Better All The Time (New Yorker) — What we’re seeing is, in part, the mainstreaming of excellent habits. […] Everyone works hard. Everyone is really good.
Stop Trying to Save the World (New Republic) — What I want to talk shit on is the paradigm of the Big Idea—that once we identify the correct one, we can simply unfurl it on the entire developing world like a picnic blanket. (note: some pottymouth language in this article, and some analysis I wholeheartedly agree with.)
Christmas in Yiwu — We travelled by container ship across the East China Sea before following the electronics supply chain around China, visiting factories, distributors, wholesalers and refineries. Fascinating! 22km of corridors in the mall that dollar store buyers visit to fill their shelves. I had never seen so many variations of the same product. Dozens of Christmas stockings bearing slightly different Santas and snowmen. Small tweaks on each theme. An in-house designer creates these designs. It feels like a brute force approach to design, creating every single possibility and then letting the market decide which it wants to buy. If none of the existing designs appeal to a buyer they can get their own designs manufactured instead. When a custom design is successful, with the customer placing a large order, it is copied by the factory and offered in their range to future buyers. The factory sales agent indicated that designs weren’t protected and could be copied freely, as long as trademarks were removed. Parallels with web design left as exercise to the reader. (via the ever-discerning Mr Webb)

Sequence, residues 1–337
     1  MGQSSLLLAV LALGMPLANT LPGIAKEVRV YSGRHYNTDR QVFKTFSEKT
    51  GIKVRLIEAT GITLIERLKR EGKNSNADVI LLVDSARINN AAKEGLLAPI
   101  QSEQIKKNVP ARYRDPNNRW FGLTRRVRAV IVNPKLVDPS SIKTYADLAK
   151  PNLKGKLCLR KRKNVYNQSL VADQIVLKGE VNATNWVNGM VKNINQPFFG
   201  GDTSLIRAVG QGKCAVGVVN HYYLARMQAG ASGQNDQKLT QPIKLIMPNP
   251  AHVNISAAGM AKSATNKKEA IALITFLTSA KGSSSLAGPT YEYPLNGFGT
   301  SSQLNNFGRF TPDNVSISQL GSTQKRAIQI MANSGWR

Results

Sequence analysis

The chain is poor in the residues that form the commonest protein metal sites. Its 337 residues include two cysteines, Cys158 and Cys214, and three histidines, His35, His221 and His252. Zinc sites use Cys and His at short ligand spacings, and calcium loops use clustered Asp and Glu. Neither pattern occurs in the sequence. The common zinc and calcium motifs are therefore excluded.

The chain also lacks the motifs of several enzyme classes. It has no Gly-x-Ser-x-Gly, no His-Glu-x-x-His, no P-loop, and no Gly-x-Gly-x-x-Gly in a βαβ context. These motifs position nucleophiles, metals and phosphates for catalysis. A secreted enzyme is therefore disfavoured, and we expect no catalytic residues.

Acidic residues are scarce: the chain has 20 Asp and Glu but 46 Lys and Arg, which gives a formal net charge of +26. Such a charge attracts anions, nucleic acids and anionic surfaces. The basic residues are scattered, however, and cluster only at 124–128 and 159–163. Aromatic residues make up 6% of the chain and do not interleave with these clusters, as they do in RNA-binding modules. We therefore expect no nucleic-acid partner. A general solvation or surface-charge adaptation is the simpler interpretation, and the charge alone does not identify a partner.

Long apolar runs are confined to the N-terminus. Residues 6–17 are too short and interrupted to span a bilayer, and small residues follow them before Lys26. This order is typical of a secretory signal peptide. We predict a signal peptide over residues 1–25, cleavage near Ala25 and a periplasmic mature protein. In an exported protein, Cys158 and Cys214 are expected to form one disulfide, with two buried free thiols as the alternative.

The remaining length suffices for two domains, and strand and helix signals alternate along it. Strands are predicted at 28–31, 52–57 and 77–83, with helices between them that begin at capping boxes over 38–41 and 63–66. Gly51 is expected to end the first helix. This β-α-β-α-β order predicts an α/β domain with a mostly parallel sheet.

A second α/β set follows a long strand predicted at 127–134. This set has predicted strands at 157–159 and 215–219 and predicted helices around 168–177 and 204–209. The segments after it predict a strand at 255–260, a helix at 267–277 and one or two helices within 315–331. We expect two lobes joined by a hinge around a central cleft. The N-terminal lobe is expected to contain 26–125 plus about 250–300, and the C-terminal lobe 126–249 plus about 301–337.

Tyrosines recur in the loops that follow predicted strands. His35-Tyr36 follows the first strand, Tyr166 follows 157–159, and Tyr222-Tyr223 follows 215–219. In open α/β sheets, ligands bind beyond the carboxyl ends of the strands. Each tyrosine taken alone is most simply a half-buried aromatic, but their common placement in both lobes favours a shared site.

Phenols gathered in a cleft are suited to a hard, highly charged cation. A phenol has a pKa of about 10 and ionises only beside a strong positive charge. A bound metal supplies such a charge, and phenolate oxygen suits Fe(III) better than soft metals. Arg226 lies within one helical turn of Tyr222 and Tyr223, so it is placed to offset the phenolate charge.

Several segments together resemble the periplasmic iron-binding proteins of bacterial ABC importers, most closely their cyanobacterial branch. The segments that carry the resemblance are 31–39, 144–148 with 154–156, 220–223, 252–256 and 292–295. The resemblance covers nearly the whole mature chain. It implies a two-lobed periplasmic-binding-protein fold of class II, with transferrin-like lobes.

How Community Feedback Shapes Behaviour (PDF) — Not only do authors of negatively-evaluated content contribute more, but also their future posts are of lower quality, and are perceived by the community as such. Moreover, these authors are more likely to subsequently evaluate their fellow users negatively, percolating these effects through the community. In contrast, positive feedback does not carry similar effects, and neither encourages rewarded authors to write more, nor improves the quality of their posts. Interestingly, the authors that receive no feedback are most likely to leave a community. Furthermore, a structural analysis of the voter network reveals that evaluations polarize the community the most when positive and negative votes are equally split.
Teaching Me Softly — article of anecdotes drawing parallels between case studies in machine learning and things we know about human learning.